Related Urban was able to tenant High Street in the face of the national retail contraction because of extensive research and planning, a national reputation for developing high-quality and highly successful shopping centers, and a long-term relationship with major retailers, said Webber Hudson, executive vice president.
“We spend a great deal of time and energy carefully selecting and defining our tenant mix,” Hudson said. “We structure our deals with the retailer’s needs in mind by understanding their unique margin requirements and adjusting accordingly. We also understand the importance of balancing unique local tenants with strong, well-recognized national brands like Talbots, Chico’s, White House Black Market and Guess who have the staying power to ride out these types of cycles.”
He did not say what incentives the company may have offered to “structure the deals.”
Marty DeRito, whose company DeRito Partners builds and owns shopping centers and provides leasing services for dozens of shopping centers around the Valley, said the retail business is cyclical, and while this downturn is deeper than most and made worse by the simultaneous collapse of several industries at once, particularly financial services, the market will come back.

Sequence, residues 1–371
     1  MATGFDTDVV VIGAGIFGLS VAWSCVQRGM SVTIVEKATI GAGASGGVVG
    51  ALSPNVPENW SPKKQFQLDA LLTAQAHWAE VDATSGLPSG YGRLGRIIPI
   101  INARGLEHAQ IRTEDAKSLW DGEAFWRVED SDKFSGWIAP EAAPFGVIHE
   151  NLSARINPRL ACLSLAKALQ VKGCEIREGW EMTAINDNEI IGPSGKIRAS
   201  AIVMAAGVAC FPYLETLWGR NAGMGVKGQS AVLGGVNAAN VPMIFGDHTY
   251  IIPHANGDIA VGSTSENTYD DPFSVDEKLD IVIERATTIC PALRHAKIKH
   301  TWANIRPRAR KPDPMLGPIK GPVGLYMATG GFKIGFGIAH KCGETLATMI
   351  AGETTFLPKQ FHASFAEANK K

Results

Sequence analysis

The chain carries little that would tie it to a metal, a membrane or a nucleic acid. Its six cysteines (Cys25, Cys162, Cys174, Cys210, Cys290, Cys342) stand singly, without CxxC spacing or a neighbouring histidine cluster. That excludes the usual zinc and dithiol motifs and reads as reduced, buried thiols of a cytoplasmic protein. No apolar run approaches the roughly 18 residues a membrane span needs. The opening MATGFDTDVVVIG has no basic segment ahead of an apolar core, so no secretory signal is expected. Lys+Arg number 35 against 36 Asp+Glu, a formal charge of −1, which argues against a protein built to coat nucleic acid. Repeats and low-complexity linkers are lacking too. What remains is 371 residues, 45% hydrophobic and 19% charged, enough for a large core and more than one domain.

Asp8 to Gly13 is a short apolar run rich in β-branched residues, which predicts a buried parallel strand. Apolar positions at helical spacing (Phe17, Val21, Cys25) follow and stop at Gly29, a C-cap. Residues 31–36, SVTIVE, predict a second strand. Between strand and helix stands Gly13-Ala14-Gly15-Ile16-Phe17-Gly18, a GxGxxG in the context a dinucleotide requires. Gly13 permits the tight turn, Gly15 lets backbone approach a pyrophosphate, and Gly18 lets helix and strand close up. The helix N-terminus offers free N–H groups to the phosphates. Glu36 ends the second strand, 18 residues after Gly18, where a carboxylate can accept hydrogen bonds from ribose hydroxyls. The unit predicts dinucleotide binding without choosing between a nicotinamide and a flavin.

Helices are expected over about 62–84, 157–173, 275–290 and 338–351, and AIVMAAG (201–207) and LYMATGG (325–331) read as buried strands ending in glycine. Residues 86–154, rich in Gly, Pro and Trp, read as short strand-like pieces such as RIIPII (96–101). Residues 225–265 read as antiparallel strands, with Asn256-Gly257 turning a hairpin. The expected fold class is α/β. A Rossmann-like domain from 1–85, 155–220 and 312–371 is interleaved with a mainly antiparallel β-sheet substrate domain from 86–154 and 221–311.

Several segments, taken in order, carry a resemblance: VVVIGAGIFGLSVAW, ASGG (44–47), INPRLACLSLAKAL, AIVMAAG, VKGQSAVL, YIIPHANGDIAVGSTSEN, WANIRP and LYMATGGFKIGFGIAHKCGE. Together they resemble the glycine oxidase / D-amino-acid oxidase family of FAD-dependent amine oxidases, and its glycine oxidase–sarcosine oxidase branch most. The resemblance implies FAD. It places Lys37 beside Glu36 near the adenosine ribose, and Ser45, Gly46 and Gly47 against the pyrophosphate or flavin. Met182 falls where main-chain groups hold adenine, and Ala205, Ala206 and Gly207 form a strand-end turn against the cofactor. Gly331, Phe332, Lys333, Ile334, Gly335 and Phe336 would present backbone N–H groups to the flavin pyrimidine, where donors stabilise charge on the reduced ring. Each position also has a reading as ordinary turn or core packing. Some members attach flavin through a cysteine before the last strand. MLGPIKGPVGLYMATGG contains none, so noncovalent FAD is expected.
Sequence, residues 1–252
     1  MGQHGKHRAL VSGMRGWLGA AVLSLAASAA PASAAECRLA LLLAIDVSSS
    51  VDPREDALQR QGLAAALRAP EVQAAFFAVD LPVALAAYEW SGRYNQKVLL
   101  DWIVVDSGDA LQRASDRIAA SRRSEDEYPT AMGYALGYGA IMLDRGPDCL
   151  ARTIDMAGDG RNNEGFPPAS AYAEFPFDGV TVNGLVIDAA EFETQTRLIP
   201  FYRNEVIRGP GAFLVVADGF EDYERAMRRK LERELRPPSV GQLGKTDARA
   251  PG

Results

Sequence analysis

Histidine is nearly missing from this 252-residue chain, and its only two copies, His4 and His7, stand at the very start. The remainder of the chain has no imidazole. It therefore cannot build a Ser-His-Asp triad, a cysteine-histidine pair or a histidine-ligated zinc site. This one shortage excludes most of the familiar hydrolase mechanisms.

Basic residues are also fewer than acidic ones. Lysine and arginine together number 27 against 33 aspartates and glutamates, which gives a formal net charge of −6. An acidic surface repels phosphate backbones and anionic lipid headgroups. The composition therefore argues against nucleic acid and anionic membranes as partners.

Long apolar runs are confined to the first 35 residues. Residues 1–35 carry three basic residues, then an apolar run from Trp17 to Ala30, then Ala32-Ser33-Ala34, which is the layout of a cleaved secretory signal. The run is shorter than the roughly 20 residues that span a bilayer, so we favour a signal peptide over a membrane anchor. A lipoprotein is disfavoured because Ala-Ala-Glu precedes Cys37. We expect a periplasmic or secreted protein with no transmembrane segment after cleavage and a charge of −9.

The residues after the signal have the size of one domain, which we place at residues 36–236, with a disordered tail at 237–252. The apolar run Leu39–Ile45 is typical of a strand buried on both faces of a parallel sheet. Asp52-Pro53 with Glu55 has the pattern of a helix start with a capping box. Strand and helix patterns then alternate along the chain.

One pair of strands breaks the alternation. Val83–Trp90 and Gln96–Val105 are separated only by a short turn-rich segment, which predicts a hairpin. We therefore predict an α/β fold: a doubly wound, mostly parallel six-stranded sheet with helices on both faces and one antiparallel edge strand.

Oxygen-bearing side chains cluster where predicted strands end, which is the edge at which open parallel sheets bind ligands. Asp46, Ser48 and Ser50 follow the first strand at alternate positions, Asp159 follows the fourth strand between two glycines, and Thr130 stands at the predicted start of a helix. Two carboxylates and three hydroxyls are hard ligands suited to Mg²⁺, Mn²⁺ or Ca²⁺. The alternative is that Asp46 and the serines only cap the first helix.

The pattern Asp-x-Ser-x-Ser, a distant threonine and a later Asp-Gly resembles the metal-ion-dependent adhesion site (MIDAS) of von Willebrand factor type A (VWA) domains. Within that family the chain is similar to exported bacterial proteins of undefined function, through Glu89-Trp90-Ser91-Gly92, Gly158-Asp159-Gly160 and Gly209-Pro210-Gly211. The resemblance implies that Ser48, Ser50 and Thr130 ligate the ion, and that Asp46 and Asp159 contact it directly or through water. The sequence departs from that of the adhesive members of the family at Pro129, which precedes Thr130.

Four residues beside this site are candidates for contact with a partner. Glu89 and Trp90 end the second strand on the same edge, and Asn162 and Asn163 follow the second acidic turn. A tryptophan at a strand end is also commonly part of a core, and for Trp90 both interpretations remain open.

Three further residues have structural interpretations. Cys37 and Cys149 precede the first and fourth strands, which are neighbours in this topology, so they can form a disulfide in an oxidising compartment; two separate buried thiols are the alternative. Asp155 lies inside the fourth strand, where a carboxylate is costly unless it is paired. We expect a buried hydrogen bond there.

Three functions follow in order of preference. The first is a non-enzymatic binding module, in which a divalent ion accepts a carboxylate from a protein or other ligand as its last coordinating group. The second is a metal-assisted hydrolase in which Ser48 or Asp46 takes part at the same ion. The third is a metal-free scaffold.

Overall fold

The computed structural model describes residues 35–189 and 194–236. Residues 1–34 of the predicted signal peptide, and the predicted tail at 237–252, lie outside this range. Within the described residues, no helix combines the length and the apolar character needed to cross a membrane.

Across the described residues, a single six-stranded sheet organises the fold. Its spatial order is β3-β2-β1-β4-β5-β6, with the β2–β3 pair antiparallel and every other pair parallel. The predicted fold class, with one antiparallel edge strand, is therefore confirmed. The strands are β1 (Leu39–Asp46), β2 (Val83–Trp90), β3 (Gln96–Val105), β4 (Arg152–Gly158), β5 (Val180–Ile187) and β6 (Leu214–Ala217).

And strong retailers and strong shopping centers will survive the slump, DeRito said.
“Once the housing market hits bottom, well start to climb,” DeRito said. “The shopping center development business will still be down for two or three years, but leasing will (start the comeback).”
And DeRito said Arizona’s population is still growing, unlike some areas of the country, and that will help.
“I’d rather be in the shopping center business in Arizona than anywhere else in the country,” DeRito said. “When it comes back, Arizona will come back bigger and better than ever.”